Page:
- Oops!Something went wrong.Please try again later.
- Scottish pop singer and songwriter
When Steve Bronski, who has died aged 61 following a fire at his home, formed Bronski Beat with Jimmy Somerville and Larry Steinbachek in 1983, the British synth-pop trio brought overtly political comment to the electronic dance songs they wrote and performed.
The American magazine Spin described them as “perhaps the first real gay group in the history of pop”.
Their debut single, “Smalltown Boy”, stormed up the British chart to No 3 the following year with a hypnotic mix of Bronski and Steinbachek’s melodic synthesiser lines, offbeat percussion and Somerville’s falsetto vocal repeating: “Run away, turn away, run away, turn away, run away.”
The inner groove on the 12in version of the single had the telephone number of the London Gay Switchboard etched into it and the song told the tale of a homosexual teenager leaving behind his home town, family and prejudice for a new life in London. The promotional video portrayed all three band members being beaten up by a homophobic gang.
It came from Bronski Beat’s first album, The Age of Consent (1984), which featured songs directly relevant to the gay community and reached No 4 in the charts.
The LP’s inner sleeve listed, alphabetically from Austria to Yugoslavia, the age of consent for gay sex in more than 30 countries around the world and noted it to be “completely illegal” in some countries such as Russia and Ireland. Overall, though, it highlighted discrimination in Britain, where the age was still 21, compared with 16 for heterosexuals.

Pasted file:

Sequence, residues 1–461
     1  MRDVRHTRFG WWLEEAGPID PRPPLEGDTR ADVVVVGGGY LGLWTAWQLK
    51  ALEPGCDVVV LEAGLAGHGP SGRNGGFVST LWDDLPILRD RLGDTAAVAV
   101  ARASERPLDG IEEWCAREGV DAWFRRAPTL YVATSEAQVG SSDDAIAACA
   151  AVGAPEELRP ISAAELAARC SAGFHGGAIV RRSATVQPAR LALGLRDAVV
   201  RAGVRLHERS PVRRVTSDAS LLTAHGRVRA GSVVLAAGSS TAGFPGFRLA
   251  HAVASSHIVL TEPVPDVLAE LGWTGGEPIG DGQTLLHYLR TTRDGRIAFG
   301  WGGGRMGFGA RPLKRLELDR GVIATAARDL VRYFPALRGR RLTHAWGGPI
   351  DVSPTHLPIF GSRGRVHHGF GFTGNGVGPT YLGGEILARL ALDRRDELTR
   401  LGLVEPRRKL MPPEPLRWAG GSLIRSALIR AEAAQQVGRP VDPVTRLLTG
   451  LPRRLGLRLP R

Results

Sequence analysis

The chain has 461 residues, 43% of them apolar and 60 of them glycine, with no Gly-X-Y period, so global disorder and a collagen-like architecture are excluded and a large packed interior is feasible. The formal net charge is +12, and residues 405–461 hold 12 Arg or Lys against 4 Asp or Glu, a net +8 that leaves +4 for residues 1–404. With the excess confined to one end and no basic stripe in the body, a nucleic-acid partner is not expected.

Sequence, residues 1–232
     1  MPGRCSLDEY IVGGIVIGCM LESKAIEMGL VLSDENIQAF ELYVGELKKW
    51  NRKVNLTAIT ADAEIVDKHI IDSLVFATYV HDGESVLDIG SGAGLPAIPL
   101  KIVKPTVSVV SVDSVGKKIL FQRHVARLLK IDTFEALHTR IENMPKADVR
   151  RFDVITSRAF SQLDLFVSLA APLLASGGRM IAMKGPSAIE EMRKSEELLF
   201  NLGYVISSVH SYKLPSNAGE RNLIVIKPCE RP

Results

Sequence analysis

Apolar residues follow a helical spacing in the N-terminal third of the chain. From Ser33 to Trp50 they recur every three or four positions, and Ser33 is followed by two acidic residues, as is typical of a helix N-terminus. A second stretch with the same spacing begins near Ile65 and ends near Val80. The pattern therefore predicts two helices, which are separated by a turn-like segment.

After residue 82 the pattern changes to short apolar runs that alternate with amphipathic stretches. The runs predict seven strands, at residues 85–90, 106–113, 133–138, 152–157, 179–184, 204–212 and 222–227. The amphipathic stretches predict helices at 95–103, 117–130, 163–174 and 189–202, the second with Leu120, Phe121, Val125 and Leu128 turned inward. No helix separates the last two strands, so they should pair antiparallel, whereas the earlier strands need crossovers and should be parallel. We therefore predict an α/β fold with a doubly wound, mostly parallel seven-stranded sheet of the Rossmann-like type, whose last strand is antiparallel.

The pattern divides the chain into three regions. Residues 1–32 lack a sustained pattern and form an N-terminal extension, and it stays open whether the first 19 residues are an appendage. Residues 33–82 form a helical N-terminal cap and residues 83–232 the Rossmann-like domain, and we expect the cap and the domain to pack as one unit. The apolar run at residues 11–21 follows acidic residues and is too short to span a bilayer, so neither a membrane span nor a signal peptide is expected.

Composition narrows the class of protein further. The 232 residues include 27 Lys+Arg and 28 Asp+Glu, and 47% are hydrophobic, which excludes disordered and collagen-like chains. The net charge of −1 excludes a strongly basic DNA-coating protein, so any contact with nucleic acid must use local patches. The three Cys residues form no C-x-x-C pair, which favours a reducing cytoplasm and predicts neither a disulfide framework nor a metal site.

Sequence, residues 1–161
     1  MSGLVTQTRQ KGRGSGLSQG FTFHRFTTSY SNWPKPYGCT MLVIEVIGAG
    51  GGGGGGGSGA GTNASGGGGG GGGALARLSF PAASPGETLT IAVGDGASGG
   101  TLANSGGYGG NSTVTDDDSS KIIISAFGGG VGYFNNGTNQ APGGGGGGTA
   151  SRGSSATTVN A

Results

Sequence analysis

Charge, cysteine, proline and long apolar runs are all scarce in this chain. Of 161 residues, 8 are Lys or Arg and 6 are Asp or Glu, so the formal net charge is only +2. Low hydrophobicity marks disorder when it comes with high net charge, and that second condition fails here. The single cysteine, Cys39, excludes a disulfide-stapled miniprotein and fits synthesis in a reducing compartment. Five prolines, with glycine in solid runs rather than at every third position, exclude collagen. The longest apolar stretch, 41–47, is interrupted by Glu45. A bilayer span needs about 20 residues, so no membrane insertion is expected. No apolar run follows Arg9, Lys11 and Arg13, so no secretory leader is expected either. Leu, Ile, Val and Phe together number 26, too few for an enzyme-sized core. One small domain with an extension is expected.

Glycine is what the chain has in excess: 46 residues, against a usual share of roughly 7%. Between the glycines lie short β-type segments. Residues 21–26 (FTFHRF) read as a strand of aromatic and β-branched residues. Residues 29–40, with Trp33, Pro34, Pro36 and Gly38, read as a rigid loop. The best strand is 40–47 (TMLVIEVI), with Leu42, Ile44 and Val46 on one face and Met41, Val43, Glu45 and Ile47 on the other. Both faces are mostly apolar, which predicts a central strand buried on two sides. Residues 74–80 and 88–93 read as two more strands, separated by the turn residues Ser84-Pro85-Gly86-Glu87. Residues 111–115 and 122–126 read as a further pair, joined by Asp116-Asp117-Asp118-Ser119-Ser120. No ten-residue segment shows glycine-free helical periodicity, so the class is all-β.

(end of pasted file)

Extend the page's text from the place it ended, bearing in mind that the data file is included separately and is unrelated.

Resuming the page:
In 2019, Bronski told Classic Pop magazine: “We were just three openly gay men writing songs about our lives.”
He and his bandmates had two more top 20 singles from the album. “Why?”, dedicated to playwright Drew Griffiths, murdered in a homophobic attack in 1984, was followed by “It Ain’t Necessarily So”, from George and Ira Gershwin’s opera Porgy and Bess, where it is sung by a black drug dealer questioning the literalism of the Bible.
For their fourth hit, they reworked the album medley of the Donna Summer hit “I Feel Love” and John Leyton’s No 1 “Johnny Remember Me” to include Summer’s disco classic “Love to Love You Baby”. With a catchier musical backing track and Soft Cell singer Marc Almond duetting with Somerville, it hit No 3 in the chart.
Following tensions within the group, Somerville left in the summer of 1985 to form The Communards, although he was featured on “Run for Love”, which had already been recorded with the intention of being released as the next single.
Instead, it was featured on the album Hundreds & Thousands (1985), which sold well despite consisting mostly of remixes from the first LP.
When vocalist John Foster – credited as “Jon Jon” – replaced Somerville, the group had two more top 20 hit singles, “Hit That Perfect Beat” (1985), also featured in the film Letter to Brezhnev, and “C’Mon, C’Mon” (1986), as well as a successful album, Truthdare Doubledare (1986).
But Foster then left and Bronski Beat went through several vocalists – including Jonathan Hellyer when they toured the US and Europe – before disbanding in 1995.